BATON ROUGE, La. (AP) — The Louisiana Supreme Court has upheld an appeals court ruling on the taxation of underground salt dome caverns that could mean some cavern owners will pay hundreds of thousands to millions of dollars more in property taxes annually to local government coffers.
The ruling in the Spectra Energy Corp. lawsuit out of St. Landry Parish also could lend a boost to assessors in other parishes trying to bring unreported and untaxed salt caverns onto the tax rolls for the first time.
"I'm very happy," said Ascension Parish Assessor M.J. Smiley Jr., who recently hired a special auditor to value unreported caverns in the parish. "It should make our case a whole lot easier."
The ruling centers on how salt dome caverns should be classified for taxation purposes: as land or a commercial improvement.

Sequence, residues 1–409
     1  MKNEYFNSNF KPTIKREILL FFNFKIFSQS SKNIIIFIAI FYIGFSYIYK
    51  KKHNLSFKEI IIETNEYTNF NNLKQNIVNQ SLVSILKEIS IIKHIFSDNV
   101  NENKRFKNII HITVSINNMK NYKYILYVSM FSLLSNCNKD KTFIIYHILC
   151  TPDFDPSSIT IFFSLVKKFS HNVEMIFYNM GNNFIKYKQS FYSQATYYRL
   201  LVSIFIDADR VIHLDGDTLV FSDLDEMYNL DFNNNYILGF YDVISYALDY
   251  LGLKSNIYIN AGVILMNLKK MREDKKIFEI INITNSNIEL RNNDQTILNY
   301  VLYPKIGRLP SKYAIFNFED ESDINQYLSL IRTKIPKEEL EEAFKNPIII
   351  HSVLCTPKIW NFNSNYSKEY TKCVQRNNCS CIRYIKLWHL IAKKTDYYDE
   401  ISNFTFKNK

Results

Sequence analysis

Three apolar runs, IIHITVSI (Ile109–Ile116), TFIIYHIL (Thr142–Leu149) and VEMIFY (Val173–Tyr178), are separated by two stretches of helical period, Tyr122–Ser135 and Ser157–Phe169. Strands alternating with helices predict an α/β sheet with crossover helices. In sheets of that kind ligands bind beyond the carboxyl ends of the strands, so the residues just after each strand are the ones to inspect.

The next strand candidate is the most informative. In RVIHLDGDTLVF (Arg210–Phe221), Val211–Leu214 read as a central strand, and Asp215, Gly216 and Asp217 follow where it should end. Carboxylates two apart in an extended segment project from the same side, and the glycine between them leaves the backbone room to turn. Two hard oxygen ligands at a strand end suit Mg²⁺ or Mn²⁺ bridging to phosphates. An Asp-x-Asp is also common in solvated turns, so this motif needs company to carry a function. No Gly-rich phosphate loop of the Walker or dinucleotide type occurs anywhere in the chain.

In mid-December, the state's 3rd Circuit Court of Appeal upheld a lower court ruling that two Spectra-leased salt dome caverns in St. Landry, which each cost tens of millions to create, should be assessed as commercial improvements.
On Friday, the state Supreme Court declined to review an appeal from Spectra and PBGS LLC, the owner of the caverns.
St. Landry Parish Assessor Rhyn Duplechain tells The Advocate (http://bit.ly/1lNkuJ0 ) the ruling is a win for his parish and others.
"I think from now on that these companies will be paying more because now assessors will be assessing them the way they should be assessing them and putting them on the rolls," Duplechain said.
A spokesman for Spectra Energy, Phil West, declined to comment.
"It's our policy not to comment on litigation," he said Monday.
Information from: The Advocate, http://theadvocate.com